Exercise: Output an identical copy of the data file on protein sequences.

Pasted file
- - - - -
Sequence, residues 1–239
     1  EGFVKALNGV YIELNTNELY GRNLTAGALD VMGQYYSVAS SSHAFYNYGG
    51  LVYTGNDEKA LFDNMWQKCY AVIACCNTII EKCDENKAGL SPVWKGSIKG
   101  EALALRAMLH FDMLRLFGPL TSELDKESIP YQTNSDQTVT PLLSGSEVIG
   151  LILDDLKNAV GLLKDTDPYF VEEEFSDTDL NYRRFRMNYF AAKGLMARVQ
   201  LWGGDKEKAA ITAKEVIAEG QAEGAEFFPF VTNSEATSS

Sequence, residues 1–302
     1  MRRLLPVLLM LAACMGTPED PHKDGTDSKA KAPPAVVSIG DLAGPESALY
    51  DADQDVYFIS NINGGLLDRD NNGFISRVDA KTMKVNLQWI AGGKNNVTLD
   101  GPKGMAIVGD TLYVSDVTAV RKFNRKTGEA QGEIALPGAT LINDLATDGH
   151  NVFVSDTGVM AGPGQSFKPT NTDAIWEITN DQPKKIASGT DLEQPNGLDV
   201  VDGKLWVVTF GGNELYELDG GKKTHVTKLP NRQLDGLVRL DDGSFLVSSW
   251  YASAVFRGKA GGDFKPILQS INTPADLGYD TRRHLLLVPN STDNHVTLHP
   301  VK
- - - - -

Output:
Sequence, residues 1–239
     1  EGFVKALNGV YIELNTNELY GRNLTAGALD VMGQYYSVAS SSHAFYNYGG
    51  LVYTGNDEKA LFDNMWQKCY AVIACCNTII EKCDENKAGL SPVWKGSIKG
   101  EALALRAMLH FDMLRLFGPL TSELDKESIP YQTNSDQTVT PLLSGSEVIG
   151  LILDDLKNAV GLLKDTDPYF VEEEFSDTDL NYRRFRMNYF AAKGLMARVQ
   201  LWGGDKEKAA ITAKEVIAEG QAEGAEFFPF VTNSEATSS

Sequence, residues 1–302
     1  MRRLLPVLLM LAACMGTPED PHKDGTDSKA KAPPAVVSIG DLAGPESALY
    51  DADQDVYFIS NINGGLLDRD NNGFISRVDA KTMKVNLQWI AGGKNNVTLD
   101  GPKGMAIVGD TLYVSDVTAV RKFNRKTGEA QGEIALPGAT LINDLATDGH
   151  NVFVSDTGVM AGPGQSFKPT NTDAIWEITN DQPKKIASGT DLEQPNGLDV
   201  VDGKLWVVTF GGNELYELDG GKKTHVTKLP NRQLDGLVRL DDGSFLVSSW
   251  YASAVFRGKA GGDFKPILQS INTPADLGYD TRRHLLLVPN STDNHVTLHP
   301  VK